Having lived in the suburbs of Washington, DC, I was used to hearing about Gallaudet university in the news, but it wasn’t until I developed deeper relationships with two deaf friends that I took more of an interest in the university. One of my friends shared with me a video that taught me about the deaf community. The video featured several interesting aspects of the university, including the Deaf President Now campaign that took place on the Gallaudet campus.

I’m really thankful for this assignment because it really has allowed me to explore aspects of history from a deaf cultural perspective, which is something I may not have explored without this assignment.

The First US Deaf Educator

by Lyndee (Missouri) | May 8, 2013

My favorite person from Deaf History would have to be Thomas Hopkins Gallaudet. While I find much of Deaf History intriguing, I am particularly interested in this man. He was essentially the first Deaf Educator in the United States. He was breaking new ground for all future Deaf Educators.

I am also a Deaf Educator and I know how challenging and rewarding it can be working with deaf and hard of hearing students. It is fascinating to think that he traveled to another country to learn how to best teach children with a hearing loss and then brought that knowledge back to help countless generations of children. Now that we have entire courses and majors dedicated to the pursuit of becoming a Deaf Educator, it is difficult to imagine a time when there was no training in the United States for what Gallaudet wanted to do.

The fact that he succeeded and started the first school for deaf children in the US is even more inspiring. He went for one little girl and his work essentially began generations of Deaf Educators. Without Thomas H. Gallaudet, I might not have a job today and we might not have American Sign Language.

Thomas Hopkins Gallaudet

by Nicole McGovern | October 31, 2016

So many people in Deaf history are significant and have made a great impact on Deaf culture in today’s society. My favorite person from Deaf history would have to be Thomas Hopkins Gallaudet. I chose Gallaudet as my favorite because he initiated American Sign Language in 1814. He was inspired by his neighbor’s intelligent deaf/mute daughter, and wanted to teach her. He gathered local support and eventually raised enough money to travel to Europe, where they had more effective ways of educating deaf/mute children. After studying the teaching methods of European peers Laurent Clerc and Jean Massieu, Gallaudet returned to America. He was so passionate about his mission that he spent a great deal of time raising money just so he could learn how to better educate deaf/mute children. He also brought Clerc back with him to America to help spread his teaching methods. Together, they started a deaf school, the American School for the Deaf, in 1817. Gallaudet is my favorite person in Deaf history because he was so determined to bring sign language and deaf/mute education to America, and all his determination and hard work paid off when he accomplished what he originally set out to do: give a better education to the deaf.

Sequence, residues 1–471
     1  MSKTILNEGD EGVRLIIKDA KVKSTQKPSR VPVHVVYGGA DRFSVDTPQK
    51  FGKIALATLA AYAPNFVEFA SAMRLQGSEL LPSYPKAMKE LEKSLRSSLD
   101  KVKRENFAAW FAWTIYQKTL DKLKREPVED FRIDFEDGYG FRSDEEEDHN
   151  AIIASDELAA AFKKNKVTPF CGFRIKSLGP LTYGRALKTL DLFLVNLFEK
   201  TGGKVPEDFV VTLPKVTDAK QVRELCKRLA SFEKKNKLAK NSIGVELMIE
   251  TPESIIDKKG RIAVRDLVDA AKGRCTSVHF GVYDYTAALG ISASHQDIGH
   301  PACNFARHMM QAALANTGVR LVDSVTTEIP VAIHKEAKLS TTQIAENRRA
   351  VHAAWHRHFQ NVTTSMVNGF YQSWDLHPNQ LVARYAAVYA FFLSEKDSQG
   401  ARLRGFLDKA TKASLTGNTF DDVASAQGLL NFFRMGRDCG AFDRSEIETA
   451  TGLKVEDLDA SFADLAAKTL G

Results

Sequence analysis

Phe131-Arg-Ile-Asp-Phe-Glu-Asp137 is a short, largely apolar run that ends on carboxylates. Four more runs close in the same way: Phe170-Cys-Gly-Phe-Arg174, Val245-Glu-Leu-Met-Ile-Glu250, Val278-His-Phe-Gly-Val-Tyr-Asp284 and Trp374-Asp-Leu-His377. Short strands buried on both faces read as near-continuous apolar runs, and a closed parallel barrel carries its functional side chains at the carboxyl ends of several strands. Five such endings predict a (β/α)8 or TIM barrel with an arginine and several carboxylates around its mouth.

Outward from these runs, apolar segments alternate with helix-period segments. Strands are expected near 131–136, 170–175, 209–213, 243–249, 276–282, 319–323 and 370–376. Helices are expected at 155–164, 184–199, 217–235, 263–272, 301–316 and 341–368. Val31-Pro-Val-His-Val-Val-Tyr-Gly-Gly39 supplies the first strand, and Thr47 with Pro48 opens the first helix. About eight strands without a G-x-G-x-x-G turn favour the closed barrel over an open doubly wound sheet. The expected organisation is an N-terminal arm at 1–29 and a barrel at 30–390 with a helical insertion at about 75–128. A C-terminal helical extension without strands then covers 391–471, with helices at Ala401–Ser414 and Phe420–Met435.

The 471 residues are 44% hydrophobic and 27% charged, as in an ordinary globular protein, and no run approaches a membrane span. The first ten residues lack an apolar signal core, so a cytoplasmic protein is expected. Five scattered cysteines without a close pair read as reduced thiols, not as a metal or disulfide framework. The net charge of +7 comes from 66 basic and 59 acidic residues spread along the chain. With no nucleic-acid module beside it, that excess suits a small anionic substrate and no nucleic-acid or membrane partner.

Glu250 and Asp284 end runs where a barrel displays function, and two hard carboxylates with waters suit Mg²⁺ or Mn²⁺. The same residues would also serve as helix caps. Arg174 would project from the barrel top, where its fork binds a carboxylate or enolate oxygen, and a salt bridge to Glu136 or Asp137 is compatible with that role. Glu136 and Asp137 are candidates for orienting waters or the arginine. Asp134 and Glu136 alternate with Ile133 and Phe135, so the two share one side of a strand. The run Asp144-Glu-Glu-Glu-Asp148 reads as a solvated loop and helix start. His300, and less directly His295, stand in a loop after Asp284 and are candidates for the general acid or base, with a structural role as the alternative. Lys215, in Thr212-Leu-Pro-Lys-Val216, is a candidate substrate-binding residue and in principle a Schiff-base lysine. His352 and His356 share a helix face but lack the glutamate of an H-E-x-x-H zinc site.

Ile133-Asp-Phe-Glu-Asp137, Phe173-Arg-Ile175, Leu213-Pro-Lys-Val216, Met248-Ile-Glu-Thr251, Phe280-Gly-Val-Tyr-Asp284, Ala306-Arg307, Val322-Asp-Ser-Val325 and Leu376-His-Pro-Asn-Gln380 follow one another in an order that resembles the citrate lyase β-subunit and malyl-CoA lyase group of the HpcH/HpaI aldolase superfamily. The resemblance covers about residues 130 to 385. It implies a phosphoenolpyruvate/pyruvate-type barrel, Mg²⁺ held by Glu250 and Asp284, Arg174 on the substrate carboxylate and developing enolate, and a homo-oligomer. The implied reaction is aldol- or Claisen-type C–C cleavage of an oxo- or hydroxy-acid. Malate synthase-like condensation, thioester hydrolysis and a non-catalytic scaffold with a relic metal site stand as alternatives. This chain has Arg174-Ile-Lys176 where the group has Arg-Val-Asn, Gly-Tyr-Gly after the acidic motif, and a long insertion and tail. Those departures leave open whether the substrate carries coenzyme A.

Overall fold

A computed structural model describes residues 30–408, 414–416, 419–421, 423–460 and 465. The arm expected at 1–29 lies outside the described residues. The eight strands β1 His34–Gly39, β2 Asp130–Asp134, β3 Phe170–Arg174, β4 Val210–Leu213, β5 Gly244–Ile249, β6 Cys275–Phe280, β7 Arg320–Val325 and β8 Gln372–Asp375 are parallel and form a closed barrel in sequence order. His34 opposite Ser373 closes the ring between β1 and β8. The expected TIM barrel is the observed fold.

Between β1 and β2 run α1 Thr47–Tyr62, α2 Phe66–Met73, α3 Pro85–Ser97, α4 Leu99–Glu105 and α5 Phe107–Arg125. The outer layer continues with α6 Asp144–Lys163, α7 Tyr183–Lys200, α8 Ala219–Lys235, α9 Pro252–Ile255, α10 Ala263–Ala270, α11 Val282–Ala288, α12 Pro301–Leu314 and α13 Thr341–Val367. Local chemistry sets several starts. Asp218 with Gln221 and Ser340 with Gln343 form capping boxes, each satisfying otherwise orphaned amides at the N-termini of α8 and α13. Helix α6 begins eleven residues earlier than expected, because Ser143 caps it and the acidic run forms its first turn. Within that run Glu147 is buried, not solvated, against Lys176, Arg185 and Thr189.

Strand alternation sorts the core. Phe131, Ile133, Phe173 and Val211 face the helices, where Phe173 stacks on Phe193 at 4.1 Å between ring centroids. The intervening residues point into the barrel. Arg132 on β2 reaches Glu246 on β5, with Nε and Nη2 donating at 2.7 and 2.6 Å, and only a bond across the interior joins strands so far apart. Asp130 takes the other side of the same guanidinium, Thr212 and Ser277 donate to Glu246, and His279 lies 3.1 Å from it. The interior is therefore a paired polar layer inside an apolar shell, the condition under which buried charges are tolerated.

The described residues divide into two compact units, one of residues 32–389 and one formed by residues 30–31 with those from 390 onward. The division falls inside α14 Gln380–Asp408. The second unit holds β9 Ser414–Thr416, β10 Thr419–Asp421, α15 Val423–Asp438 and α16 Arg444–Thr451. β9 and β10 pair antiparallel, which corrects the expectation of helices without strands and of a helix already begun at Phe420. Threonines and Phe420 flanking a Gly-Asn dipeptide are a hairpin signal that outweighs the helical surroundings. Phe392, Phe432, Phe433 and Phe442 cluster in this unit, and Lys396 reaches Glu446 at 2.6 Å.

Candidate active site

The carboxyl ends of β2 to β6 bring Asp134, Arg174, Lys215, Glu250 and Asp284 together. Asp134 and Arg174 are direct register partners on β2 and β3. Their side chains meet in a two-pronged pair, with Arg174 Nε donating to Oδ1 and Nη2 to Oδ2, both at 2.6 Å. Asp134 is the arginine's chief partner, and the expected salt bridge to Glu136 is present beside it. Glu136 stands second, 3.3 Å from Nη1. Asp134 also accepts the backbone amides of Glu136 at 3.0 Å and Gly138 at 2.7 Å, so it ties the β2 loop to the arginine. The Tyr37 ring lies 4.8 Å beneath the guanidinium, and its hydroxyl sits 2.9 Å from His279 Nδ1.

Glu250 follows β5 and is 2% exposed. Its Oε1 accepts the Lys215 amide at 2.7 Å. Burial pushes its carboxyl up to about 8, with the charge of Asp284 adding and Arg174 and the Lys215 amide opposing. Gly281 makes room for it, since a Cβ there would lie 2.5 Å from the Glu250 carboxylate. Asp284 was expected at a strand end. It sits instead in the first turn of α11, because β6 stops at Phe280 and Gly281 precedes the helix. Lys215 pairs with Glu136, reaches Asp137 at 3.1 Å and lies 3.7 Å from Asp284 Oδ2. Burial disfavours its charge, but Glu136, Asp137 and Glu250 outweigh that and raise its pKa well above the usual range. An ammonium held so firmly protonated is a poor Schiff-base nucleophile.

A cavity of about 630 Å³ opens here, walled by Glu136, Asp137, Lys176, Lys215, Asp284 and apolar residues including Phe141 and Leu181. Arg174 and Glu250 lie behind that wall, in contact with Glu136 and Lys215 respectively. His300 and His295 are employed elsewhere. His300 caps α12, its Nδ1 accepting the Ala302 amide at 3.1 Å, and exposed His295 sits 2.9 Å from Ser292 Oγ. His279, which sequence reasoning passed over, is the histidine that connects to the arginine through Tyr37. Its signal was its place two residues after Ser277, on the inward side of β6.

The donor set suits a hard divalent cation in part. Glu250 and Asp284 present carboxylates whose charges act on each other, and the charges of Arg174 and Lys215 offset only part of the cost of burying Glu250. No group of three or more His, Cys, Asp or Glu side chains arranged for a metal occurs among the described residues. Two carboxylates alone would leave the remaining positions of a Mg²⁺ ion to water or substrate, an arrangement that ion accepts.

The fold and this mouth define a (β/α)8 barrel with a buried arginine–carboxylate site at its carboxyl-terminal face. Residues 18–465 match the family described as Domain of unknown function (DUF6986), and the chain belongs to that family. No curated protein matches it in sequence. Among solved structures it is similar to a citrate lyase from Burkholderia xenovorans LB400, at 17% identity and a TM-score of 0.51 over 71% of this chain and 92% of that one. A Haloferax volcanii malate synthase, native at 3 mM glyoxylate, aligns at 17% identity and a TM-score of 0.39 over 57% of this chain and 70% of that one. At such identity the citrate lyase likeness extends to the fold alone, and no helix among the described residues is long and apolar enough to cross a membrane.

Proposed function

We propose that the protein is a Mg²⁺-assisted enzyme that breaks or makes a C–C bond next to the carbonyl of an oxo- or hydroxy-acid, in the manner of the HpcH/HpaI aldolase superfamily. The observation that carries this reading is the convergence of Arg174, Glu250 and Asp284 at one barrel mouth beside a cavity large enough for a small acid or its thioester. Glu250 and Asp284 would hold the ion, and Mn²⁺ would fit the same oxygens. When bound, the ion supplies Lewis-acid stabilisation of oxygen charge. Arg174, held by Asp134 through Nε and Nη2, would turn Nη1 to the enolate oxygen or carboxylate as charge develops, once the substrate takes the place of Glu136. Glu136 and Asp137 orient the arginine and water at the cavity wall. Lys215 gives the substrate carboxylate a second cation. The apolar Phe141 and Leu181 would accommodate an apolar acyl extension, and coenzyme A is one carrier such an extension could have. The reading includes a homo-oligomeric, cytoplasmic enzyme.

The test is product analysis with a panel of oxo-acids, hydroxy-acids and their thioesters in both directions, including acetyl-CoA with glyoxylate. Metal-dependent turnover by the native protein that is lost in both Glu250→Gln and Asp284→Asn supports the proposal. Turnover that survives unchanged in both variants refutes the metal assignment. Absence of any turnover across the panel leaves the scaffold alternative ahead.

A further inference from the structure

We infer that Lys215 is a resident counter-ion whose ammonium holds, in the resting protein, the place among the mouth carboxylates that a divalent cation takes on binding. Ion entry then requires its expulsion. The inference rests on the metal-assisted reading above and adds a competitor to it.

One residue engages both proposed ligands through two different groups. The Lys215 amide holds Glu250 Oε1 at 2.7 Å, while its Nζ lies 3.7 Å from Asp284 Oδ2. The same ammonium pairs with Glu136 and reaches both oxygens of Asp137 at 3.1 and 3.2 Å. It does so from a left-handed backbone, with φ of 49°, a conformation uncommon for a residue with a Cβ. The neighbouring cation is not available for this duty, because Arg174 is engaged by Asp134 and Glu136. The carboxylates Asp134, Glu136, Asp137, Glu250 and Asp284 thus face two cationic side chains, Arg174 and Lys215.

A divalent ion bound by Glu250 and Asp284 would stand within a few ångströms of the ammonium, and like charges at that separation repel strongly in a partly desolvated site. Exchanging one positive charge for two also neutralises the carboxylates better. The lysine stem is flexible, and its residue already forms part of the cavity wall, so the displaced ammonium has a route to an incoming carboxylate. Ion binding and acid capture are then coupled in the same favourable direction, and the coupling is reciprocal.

Thomas Hopkins Gallaudet

by Anonymous | September 23, 2015

Thomas H. Gallaudet is a remarkable figure in deaf history. He went above and beyond to help Alice Cogswell by traveling to Europe to learn from deaf educators there. He saw the need for deaf people to have access to an education. He also recognized the benefit of sign language and realized that oralism was not a good fit as the only method for educating deaf people. He helped establish American Sign Language by incorporating signs his students brought from home and some of the French signs he learned while studying with Laurent Clerc. The American School for the Deaf was founded in Hartford, Connecticut in 1817 by Gallaudet and Clerc. It was the first public deaf school in the U.S. Thomas Hopkins Gallaudet was so passionate in his pursuits that his legacy was passed on to his son Edward. Edward Gallaudet at only 18 years old was asked to be the Superintendent of the Columbia Institute for Deaf, Dumb, and Blind in Washington D.C. in 1855. Nine years later Columbia began granting college degrees. In 1893 the college was renamed Gallaudet College and was awarded university status in 1986. To date it is the only deaf university, and it is named after Thomas Gallaudet.

The minister and teacher: Dr. Thomas Hopkins Gallaudet

by Lori Reeve (Rodney, MI) | January 23, 2010